The Unknown Indian Youth

April 28, 2010
By Rang De Team
By Kunal Nichkawade, Rang De Intern

A picture of everyone at the Gurukul when we went to it. This Gurukul is located in Hanuanthkuppan, approximately 100km from Chennai.

A picture of everyone at the Gurukul when we went to it. This Gurukul is located in Hanuanthkuppan, approximately 100km from Chennai.

It has been almost 3 weeks now since I joined Rang De for my summer internship and it has been an amazing experience. Sometimes I feel the criteria for evaluating a workplace is very simple. If after a day’s work, you can get a good night sleep, feeling satisfied about your day, without your conscious haunting you, you know you are at right place.

One week into the internship and I got a chance to go on a field visit to ‘Gurukul’, a vocational training school, training young people who don’t have access to quality education mostly due to financial reasons. A joint initiative by NABARD, PanIIT and Rang De, the aim is to tackle the ultimate challenge, ‘employment for all’. Most of the youth in the pilot project at the training center are from Bahraich district, Uttar Pradesh. They are given different assignments like bar bending, Masonry etc depending on their skills and preferences. It is a one month long program, along with 6 month ‘on-job’ training, after which each youth will be a certified worker; a certificate which will be government recognized carrying similar weightage as that of ITI certificate.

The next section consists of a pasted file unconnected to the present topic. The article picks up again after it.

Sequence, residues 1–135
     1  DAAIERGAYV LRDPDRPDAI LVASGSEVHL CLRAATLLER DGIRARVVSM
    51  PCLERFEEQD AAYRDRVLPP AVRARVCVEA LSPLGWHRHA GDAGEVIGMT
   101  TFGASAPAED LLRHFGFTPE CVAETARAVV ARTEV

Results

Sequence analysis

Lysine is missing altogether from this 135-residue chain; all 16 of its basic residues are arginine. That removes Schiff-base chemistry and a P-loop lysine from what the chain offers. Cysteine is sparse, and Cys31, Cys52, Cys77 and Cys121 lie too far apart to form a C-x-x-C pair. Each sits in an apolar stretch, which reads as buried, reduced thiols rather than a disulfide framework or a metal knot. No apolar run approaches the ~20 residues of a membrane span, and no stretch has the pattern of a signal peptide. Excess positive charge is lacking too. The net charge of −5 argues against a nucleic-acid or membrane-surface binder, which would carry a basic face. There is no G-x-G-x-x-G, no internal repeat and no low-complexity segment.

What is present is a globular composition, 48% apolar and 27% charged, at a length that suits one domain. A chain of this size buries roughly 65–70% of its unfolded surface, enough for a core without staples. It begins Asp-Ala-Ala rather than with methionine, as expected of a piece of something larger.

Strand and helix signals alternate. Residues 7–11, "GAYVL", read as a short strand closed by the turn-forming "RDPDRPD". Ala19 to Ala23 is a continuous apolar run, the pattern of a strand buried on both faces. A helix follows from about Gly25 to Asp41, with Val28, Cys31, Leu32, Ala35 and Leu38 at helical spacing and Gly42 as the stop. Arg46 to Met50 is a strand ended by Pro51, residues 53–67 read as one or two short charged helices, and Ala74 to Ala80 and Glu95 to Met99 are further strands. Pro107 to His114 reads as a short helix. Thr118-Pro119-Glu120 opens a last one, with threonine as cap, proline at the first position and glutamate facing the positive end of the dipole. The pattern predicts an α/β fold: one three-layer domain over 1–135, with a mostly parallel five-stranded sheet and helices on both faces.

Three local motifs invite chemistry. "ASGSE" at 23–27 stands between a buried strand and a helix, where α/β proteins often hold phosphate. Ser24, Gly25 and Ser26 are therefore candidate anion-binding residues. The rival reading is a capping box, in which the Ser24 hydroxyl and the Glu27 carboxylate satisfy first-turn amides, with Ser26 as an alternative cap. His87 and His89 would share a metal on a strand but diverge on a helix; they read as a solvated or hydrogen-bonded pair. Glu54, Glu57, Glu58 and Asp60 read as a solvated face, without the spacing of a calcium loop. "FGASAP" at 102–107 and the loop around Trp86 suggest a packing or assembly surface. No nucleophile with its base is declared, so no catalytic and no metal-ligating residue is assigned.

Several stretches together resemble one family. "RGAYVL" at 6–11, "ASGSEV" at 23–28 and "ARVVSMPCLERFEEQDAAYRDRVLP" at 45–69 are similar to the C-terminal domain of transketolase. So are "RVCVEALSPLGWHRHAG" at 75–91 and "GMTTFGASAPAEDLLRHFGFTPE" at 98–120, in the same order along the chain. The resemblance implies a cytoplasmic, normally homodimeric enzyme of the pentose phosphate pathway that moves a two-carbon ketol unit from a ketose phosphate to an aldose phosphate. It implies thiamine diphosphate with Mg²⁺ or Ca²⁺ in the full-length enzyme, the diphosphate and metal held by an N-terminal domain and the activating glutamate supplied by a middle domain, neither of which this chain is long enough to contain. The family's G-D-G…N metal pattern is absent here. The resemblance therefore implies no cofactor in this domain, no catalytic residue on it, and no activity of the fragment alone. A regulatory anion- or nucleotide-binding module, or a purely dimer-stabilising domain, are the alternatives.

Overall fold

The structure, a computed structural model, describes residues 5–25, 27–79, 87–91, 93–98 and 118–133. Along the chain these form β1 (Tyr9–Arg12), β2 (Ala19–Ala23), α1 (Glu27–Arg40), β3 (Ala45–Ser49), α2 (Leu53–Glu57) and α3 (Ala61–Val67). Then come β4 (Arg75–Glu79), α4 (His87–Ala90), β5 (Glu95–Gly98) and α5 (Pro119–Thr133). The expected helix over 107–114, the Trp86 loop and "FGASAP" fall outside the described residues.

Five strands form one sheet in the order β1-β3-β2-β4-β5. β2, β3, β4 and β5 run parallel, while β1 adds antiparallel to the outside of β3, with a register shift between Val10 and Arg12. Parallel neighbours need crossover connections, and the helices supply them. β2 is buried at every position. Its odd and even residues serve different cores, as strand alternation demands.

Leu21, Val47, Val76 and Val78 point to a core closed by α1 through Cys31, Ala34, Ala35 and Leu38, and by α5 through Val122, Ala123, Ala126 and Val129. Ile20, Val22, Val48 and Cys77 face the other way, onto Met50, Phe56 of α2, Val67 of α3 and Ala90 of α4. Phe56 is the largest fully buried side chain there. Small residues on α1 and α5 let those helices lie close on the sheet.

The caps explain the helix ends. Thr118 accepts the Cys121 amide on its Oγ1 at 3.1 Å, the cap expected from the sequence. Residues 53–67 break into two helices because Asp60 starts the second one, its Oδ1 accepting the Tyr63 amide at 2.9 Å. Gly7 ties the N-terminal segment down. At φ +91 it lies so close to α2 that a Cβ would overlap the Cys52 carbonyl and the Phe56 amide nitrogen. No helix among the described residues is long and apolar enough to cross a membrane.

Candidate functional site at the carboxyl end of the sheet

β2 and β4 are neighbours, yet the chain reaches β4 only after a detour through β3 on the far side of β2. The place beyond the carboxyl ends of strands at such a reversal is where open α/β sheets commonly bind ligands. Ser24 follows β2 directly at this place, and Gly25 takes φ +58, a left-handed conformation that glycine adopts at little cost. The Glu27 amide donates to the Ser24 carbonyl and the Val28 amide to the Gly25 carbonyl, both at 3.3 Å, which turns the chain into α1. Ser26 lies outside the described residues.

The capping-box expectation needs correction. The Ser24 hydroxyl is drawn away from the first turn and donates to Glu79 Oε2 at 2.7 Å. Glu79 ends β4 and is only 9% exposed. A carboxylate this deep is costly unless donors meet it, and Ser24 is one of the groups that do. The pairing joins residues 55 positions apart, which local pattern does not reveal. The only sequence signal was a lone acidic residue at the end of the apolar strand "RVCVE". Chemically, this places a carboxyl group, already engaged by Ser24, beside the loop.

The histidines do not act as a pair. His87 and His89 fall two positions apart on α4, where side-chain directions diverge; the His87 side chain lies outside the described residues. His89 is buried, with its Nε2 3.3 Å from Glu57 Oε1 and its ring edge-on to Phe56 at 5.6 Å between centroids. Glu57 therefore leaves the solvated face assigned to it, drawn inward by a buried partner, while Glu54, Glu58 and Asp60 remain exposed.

A group of construction gurukul students get hands on experience. The PanIIT program has gurukuls for programs such as construction and driving.

A group of construction gurukul students get hands on experience. The PanIIT program has gurukuls for programs such as construction and driving.

The facilities provided are very good. Care has been taken in everything, right from choosing the right kind of mentors to providing basic amenities. But what amazed me most was the attitude of the trainees. Maybe the thought of a regular source of income, maybe financial stability but I guess more than anything else the thought of fulfilling the dream of becoming a skilled worker eventually was what which was driving them. The conversations we had with some of them were very interesting. Most of them had a big family with very few sources of income. Typically each one of them was either working in someone’s farm or was doing household work at some corner of India before joining the training. After receiving the training they want to break free of the vicious age old poverty cycle. They don’t want to keep doing what their forefathers did just for the sake of it. In simple terms, they want to do something which ‘adds value’. And no, they don’t use this phrase like Corporates do; they surely haven’t heard of it, but they mean it. There was a healthy sense of ambition in each one of them; there was spark in those eyes. They didn’t want to be limited to a 6000/- per month job. They wanted to work hard, learn more, improve and climb the ladder. All they need is an opportunity to show their worth. Most of them probably haven’t heard about Winston Churchill but those eyes were saying, “Give us the the tools, and we will finish the job.”

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